“When I looked up at the anchor booth, I knew I was looking at the altar,” he told Time magazine.

In 1961, while serving in the Marine Corps for four years, he was stationed in Hawaii and learned that CBS news station Walter Cronkite was writing an article in Honolulu. He left Mr. Cronkite a message, which led to a meeting in the hotel lobby.

Mr. Shaw told The New York Times in 1988 that Mr. Cronkite “told him, ‘The important thing is to read.'”

After graduating from the University of Illinois at Chicago in 1966 with a bachelor’s degree in history, Mr. Shaw worked for local Chicago radio and television stations until 1971, when he was hired by CBS News as a political reporter. His duties included the Watergate scandal. In 1977 he moved to ABC News, where he became a Latin American correspondent, covering the mass murders and suicides of his cult in Jonestown, Guyana.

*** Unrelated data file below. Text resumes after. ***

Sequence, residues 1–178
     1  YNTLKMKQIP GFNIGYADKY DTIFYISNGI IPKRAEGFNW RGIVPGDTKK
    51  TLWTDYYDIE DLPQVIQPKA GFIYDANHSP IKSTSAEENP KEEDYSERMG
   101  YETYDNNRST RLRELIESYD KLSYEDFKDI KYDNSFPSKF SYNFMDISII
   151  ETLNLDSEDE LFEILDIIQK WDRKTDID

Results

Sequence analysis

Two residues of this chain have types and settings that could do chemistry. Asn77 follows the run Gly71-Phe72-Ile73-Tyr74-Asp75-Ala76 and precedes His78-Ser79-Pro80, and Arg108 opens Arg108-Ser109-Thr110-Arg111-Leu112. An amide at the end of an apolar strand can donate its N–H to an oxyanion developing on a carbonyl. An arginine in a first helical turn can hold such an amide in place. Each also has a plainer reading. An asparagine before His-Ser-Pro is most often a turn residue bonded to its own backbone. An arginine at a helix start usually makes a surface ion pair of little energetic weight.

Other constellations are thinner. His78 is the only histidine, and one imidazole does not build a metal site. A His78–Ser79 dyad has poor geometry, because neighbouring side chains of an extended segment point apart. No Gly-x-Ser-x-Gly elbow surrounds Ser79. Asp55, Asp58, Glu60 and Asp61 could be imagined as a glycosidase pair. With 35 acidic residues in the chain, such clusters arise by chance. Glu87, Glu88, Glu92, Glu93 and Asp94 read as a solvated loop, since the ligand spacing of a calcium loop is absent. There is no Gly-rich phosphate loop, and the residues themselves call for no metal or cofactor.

At CNN, Shaw became one of the most prominent journalists hired to carry out Turner’s arduous challenge. It was about quickly establishing around-the-clock startup credibility in the news business, then known primarily for CBS, NBC, and ABC. A 30-minute evening news program.

In tribute to Shaw when he retired in 2001, Judy Woodruff, who co-anchored CNN’s “Inside Politics” program and is now a PBS newscaster, said that his “manners and voice attracts everyone,” he said. Words you can trust. The coolest attitude in the hottest situations. Cut-to-the-quick interview style. And what underlies him is a powerful combination of journalistic honesty and pure instinct. “